5. Have it in town (if you can).

I remember when I lived at home and we would have yard sales at my parent's house, who live a little ways out of town in a more rural area. We would have tons of great stuff, but we never got nearly as many people as we had at this yard sale last weekend (Phillip and I live in a neighborhood right in the middle of town). It really did make a huge difference in terms of traffic, so if you live in a rural/inaccessible area it might be worth hauling everything to a friend or relative's house in a more yard sale-friendly area.

6. Post clear signs on major streets.

 Make your signs clearly readable with the address and an arrow pointing in the direction of your sale and post them on intersections with larger major streets nearby. Many people mentioned that they had come by after seeing our signs. (Make sure you make them visible to both lanes of traffic). We went down to WalMart the night before our sale and picked up a pack of bright-colored poster board and a jumbo-sized sharpie, which I think cost about $5 altogether.

7. Post your ad twice.

We put our ad up on Wednesday night to make sure people had a chance to see it before Friday, and then I posted another one early Saturday morning to make sure all of the weekend yard-salers would see it too. Remember, it's free!

8. Don't haggle over stuff you're going to donate anyway.

It's amazing how cheap people can get at yard sales! I used to get really irritated by everyone trying to get things ever cheaper ("seriously? it's 50 cents!") and I would refuse to budge out of principle, but then I thought about it: I'm going to donate most of these things after the yard sale anyway, so why not just take the little money they offer? At least you get a little money for it, and more importantly and it's one less thing you have to pack up and haul to the thrift store. There were some things we knew we could try again to sell online or in our antique space, so we wouldn't go below a certain price on those, but for the things we were going to donate anyway, we pretty much took any price offered and we got rid of SO MUCH STUFF!


Weird Yard Sale Story: On a side note, we had a really strange experience with some people a few streets over. Apparently they were having their own yard sale the same day and they felt like we were competing (as if we had any idea that they were having a sale that weekend!). We found that on Saturday morning they had torn down one of our signs and put their own up. We just put up a new sign and went on with our work setting up. Later in the day, a woman drove by our house and yelled to people walking around that "this garage sale sucks! Go to the better one down the street!" and even later a man came to our sale, was really rude and combative, and then said "I'm going to the better yard sale they're having down the street!" How bizarre is that? I always thought it was good to have multiple sales in the same area so that you can benefit from the traffic the other ones bring in. That's why people do neighborhood and city-wide yard sales, right? Have you ever had someone get angry at you for having a yard sale the same day as them? 

I hope this post was helpful! Is anyone planning a yard sale soon? Any more tips to add?


Monday, April 14, 2014

Sewing Project: Pattern Testing for the Afternoon Blouse


I was so tickled when Jen of Jennifer Lauren Vintage contacted me and asked if I would be a tester for her very first pattern release! I love Jen and her style and I knew it was going to be a great pattern, so I happily agreed.

The Afternoon blouse is a very simple top that can be sewn in just a few hours, yet it has a pretty, vintage-inspired neckline detail (in two versions) that really takes it up a notch. I made two different versions- one in a simple cotton and one in a more drapey fabric with an added piping detail. They both sewed up nicely with very little fitting- all I did was take my measurements and make that size, which is rare for me- usually I have to adjust blouses for my curvy hips! In fact, it went together so well I was struggling to think of anything to give constructive feedback on as a tester!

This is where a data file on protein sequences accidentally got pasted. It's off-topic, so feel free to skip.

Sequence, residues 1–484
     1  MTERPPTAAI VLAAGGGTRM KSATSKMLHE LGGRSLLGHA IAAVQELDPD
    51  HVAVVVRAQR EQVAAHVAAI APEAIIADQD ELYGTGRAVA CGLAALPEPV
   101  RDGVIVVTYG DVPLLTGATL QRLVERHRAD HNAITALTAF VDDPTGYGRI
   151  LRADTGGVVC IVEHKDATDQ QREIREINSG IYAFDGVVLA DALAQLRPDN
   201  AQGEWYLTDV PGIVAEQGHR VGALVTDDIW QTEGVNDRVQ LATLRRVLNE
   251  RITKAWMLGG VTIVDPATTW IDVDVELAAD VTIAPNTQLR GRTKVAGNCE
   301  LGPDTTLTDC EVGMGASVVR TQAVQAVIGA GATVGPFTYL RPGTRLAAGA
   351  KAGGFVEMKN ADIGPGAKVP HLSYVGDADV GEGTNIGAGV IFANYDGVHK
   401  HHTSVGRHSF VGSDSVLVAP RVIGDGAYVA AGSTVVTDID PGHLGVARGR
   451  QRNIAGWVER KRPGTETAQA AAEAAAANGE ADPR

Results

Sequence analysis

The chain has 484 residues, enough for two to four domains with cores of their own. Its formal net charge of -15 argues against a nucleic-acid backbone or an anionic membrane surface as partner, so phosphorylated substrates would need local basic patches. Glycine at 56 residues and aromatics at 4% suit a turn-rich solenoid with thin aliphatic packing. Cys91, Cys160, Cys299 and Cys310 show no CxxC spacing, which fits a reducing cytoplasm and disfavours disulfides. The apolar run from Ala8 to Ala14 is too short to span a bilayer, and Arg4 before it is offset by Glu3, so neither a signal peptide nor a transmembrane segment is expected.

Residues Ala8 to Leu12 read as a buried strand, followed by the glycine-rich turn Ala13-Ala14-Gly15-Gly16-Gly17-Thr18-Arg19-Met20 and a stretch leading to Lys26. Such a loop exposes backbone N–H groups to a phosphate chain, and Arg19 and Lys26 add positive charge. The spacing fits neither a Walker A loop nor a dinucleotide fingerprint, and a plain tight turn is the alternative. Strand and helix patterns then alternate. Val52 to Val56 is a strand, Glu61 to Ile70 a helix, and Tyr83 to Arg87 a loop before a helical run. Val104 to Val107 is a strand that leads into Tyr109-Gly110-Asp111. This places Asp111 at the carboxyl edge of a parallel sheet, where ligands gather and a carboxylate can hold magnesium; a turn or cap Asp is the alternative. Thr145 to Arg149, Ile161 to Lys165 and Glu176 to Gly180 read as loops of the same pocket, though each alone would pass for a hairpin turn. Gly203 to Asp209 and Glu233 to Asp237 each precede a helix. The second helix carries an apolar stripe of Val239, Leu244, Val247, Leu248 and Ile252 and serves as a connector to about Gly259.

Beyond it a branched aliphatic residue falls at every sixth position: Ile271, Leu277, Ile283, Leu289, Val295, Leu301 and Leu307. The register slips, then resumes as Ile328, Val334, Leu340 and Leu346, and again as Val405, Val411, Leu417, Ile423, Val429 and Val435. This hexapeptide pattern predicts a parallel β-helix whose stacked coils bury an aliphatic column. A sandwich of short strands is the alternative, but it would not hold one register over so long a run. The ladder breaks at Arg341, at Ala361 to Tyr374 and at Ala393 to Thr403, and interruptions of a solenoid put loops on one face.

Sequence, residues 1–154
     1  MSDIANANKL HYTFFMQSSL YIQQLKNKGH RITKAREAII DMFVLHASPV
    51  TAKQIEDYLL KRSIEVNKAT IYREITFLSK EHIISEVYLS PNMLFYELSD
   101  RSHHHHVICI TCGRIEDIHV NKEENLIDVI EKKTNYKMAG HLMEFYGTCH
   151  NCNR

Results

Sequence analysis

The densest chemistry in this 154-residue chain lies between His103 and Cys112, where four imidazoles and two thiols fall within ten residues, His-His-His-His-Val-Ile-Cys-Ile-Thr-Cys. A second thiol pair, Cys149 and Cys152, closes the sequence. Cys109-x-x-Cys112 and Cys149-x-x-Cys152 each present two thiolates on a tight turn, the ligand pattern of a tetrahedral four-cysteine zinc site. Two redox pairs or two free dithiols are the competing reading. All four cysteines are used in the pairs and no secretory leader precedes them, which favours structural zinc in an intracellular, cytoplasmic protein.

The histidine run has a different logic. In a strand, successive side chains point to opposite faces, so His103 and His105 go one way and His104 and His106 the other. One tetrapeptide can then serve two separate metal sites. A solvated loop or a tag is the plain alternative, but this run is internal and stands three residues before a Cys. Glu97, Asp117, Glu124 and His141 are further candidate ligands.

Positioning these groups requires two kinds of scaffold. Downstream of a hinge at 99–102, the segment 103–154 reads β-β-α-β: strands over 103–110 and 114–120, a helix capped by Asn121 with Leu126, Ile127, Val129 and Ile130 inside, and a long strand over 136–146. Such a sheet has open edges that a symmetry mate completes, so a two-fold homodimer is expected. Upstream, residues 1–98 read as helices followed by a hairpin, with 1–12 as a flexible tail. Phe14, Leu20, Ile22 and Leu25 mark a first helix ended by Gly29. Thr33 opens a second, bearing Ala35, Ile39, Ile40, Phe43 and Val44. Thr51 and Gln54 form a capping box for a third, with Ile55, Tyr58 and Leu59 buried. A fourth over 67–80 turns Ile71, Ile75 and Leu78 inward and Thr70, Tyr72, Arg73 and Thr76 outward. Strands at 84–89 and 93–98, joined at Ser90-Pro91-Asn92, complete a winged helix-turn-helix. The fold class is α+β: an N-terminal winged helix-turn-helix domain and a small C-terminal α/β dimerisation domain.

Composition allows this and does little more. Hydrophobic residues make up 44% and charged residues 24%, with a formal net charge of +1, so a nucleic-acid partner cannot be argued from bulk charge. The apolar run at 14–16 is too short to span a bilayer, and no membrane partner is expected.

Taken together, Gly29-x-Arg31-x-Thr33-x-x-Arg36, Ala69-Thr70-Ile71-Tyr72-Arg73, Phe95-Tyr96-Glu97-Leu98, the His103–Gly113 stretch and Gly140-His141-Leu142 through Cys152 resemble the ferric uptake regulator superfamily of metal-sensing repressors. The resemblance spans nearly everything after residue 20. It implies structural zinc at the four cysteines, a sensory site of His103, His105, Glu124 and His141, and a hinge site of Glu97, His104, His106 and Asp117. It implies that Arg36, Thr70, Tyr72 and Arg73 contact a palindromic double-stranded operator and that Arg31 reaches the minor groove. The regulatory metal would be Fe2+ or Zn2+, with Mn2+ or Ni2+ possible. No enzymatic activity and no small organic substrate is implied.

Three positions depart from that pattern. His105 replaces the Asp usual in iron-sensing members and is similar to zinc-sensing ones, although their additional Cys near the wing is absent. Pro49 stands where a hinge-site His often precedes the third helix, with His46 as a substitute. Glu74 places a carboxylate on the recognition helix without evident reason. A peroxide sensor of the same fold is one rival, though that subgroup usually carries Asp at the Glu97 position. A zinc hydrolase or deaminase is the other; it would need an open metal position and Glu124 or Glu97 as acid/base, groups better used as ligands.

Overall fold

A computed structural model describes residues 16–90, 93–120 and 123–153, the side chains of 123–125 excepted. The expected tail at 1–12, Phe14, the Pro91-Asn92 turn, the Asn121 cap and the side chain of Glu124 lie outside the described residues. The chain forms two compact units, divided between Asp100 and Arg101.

Afternoon Blouse #1:
I decided to try out my first muslin version in a floral cotton sheet fabric I had on hand, just to make sure I got the fit right before I made a final version. Much to my delight, the blouse fit great without any alterations, and so my muslin became a wearable muslin! It has a fun, 1950's-ish vibe and I love how it looks tucked into a skirt.



I finished it off with a pretty pink button I've had floating around in my stash forever:

Afternoon Blouse #2:
I used a very different fabric for my next version- a silky, drapey teal and pink fabric which I picked up at an estate sale and am pretty sure is rayon. It was one of those serendipitous moments when I had exactly enough fabric for this pattern and no more to spare-it was meant to be! I really like the way the fancier fabric choice dresses up the pattern in this version. I also decided to add some piping to this one for a little added detail at the sleeves and neckline. This is something I could wear out to a nice dinner or drinks.


It also looks great un-tucked with my jeans, which are what I wear to work most of the time. Just add a black cardigan and flats and you're ready to go!


I used another vintage button for this version- it's such a great project to use a cool statement button and/or those "orphan" buttons that don't have any matches but are too pretty to get rid of! (Hope you don't mind an extreme boob closeup!)

The Afternoon Blouse pattern is great because it's simplicity makes it really versatile. You can sew it up in a cute cotton for a casual summer top, or make it in a silky fabric for a more formal look. It looks great tucked into a skirt when you want a little waist definition and also just with jeans for everyday wear. It's a great pattern for beginners, though I think as an intermediate or advanced sewer you could have fun playing with fabrics and details, like the piping. I still need to try the other neckline version with the triangular neckline detail. I'm also contemplating trying out my own version with darts and adding a side zipper- so many possibilities!

Have any of you made the Afternoon Blouse yet? What did you think?


Friday, March 28, 2014

Sewing Project: Mad Men Challenge Dress (Simplicity 1191)